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Pleurotus ostreatus, also known as the Oyster mushroom, is a medium to large fungus named for its shape rather than its taste. It grows almost all over the world and is fairly easily recognized by the way it grows on wood in shelf-like clusters and its whitish gills that run down a stubby, nearly-absent stem.
convex with an incurved margin at first, expanding to a fan-shaped with a flat or shallowly depressed disc and inner limb. The cap colour is pale to dark brown, fading to buff, sometimes fading slowly and becoming two-toned. It may be somewhat greasy when young and fresh. The flesh is thick, white and unchanging when sliced. Gills
running down the stem, crowded, whitish or with a grey tinge, becoming yellowish in age and sometimes developing brownish edges, and descend on the stalk if present. Stem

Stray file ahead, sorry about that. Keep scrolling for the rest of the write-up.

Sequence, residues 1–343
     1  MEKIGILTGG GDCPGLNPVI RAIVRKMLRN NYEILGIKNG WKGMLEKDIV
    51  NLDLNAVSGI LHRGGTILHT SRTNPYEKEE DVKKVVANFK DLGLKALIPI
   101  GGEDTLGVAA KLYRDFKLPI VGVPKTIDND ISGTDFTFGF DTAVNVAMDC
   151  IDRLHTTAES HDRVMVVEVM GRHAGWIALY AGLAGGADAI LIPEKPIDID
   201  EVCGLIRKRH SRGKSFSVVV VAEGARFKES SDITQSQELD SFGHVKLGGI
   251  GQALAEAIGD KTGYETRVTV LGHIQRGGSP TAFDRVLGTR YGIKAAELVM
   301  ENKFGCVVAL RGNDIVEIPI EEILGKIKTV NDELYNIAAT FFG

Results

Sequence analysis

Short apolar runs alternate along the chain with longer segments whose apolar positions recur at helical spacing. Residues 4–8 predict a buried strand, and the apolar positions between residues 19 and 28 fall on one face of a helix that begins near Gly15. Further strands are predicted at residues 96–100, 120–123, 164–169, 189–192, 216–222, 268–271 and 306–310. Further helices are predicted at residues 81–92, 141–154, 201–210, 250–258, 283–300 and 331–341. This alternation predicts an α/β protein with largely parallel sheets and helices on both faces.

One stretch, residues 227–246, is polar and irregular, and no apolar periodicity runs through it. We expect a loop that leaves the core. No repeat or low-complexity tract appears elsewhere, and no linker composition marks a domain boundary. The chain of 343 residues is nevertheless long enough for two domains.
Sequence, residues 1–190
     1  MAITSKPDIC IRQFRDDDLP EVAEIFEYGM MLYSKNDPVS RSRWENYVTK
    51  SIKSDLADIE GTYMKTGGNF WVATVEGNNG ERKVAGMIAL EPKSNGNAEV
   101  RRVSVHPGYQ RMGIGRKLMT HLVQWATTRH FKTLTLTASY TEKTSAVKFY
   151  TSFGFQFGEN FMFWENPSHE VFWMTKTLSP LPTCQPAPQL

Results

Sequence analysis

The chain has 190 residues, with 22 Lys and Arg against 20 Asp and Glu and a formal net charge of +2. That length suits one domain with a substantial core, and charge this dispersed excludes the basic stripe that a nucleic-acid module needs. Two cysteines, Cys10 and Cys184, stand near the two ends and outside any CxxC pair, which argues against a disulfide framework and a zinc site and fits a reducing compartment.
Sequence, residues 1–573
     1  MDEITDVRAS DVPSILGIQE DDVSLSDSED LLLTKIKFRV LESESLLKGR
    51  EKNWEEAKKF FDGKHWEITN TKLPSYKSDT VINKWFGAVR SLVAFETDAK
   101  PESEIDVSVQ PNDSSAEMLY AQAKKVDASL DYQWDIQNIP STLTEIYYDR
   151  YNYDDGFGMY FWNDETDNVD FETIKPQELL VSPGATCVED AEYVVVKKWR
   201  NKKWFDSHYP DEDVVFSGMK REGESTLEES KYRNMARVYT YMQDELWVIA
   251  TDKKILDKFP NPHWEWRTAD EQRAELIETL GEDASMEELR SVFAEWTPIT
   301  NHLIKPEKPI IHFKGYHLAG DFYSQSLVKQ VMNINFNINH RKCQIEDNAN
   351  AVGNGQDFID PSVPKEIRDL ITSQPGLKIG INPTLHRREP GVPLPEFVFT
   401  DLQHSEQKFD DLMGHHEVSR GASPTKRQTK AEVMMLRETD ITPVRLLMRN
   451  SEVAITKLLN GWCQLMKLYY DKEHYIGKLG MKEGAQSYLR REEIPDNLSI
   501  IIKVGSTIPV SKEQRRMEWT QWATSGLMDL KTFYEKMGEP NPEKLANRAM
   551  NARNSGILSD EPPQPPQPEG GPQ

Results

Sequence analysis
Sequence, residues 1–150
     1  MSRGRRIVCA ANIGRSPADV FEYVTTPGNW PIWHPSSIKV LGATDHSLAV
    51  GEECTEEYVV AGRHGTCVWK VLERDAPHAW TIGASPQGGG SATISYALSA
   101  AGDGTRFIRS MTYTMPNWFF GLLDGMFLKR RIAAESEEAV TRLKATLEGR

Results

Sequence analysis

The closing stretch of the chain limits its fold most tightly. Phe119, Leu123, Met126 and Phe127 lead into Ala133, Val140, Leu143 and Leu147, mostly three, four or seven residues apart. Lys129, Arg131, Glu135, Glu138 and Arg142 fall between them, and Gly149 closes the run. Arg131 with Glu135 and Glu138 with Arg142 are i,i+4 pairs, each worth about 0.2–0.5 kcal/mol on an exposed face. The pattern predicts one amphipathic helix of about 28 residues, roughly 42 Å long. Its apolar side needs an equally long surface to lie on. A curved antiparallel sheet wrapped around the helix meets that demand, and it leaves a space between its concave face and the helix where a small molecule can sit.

off-centre with a lateral attachment to wood, whitish. It can sometimes be more or less central when growing on the tops of logs or branches. Spore print
white to faintly yellowish, or pale lilac-grey.
The spores are subcylindrical to narrowly kidney-shaped, smooth, measuring 8-12.5 x 3-4.5µm.
on the MushroomExpert.Com Web site.
on the www.first-nature.com web site.
Many mushrooms are poisonous and some are lethally poisonous. It can be very difficult to distinguish between an edible and a poisonous mushroom. Because of that, we strongly advise against consuming wild mushrooms, and this site does not contain any information about the edibility or toxicity of mushrooms.
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